It’s that time of year again. The days are getting shorter and the temperatures cooler. That means fall is just around the corner, and it kicks off with the Fall Equinox — pumpkin spice enthusiasts and astronomers rejoice.
The astronomical event of the Fall Equinox (or Spring Equinox for those in the Southern Hemisphere) happens at a certain time every year. This year the autumnal equinox will occur on Thursday, September 22 at 9:04 p.m., Eastern. It will happen at the same point in time all across the Northern Hemisphere.
What is an equinox?
It is no mystery that the Earth is in constant motion around the Sun. On September 22, the Earth will be at a point in its orbit around the Sun in which the Sun will be aligned with Earth’s celestial equator. The celestial equator is the point in space that is directly above Earth’s equatorial line; the invisible line marks the halfway point between the North and South poles.
On the equinox, not only is the Sun aligned directly with the middle of the Earth, but the day and night are also of equal length. The name equinox is derived from the Latin term aequus, meaning equal, and nox, meaning night. The days become shorter until the Winter Solstice, when the Sun’s points more toward the Southern Hemisphere.
What happens during a Fall Equinox?
The autumnal equinox marks the beginning of the days becoming shorter in the Northern Hemisphere, as the sun is aligned more towards the South. The reverse happens in the Southern Hemisphere — as countries in that part of Earth experience their spring equinox, the days becoming longer.
This phenomenon is due to Earth’s tilt, or axis, which never changes, staying at 23.4 degrees. When Earth is at a point in its orbit around the sun where the sun is directly aligned or just around the celestial equator, our planet experiences equal day and night. In the case of the autumnal equinox for those of us in the Northern Hemisphere, the orbit of Earth moves into where the position of the Northern Hemisphere points away from the Sun. Meanwhile, the Southern Hemisphere begins to be pointed towards the sun, which kicks off spring.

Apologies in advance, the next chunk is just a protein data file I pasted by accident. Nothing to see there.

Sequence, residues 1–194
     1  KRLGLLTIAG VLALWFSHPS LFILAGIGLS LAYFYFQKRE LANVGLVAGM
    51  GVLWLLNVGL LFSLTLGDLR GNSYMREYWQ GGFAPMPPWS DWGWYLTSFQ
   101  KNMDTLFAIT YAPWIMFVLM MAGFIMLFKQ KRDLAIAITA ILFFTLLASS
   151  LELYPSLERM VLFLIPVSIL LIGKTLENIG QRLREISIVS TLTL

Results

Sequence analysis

Picture zooming out into space, looking back at Earth and the Sun as a system. The Earth is titled 23.4 degrees to one side, rotating within 24 hours, creating a day, while it continues on its 365-day journey around the sun, giving us our year. The Northern Hemisphere is moving away the Sun’s direction, which makes the nights longer and days shorter.
What is special about the Fall Equinox 2022?
With the days getting shorter, there are many more opportunities for astronomy; one positive to a time of year many view as negative! Two days after the Fall Equinox, the New Moon will appear in the sky. This means the Moon will be completely covered in shadows, giving amateur astronomers a chance to see fainter objects that might normally be drowned out by the light of the moon at other phases. Astronomy buffs will also have a chance to view the Draconid and Orionid meteor showers in October.
Fall Equinox 2023
The cycle will start all over again a year from now. The next autumnal equinox falls on September 23, 2023, at 2:49 a.m., Eastern.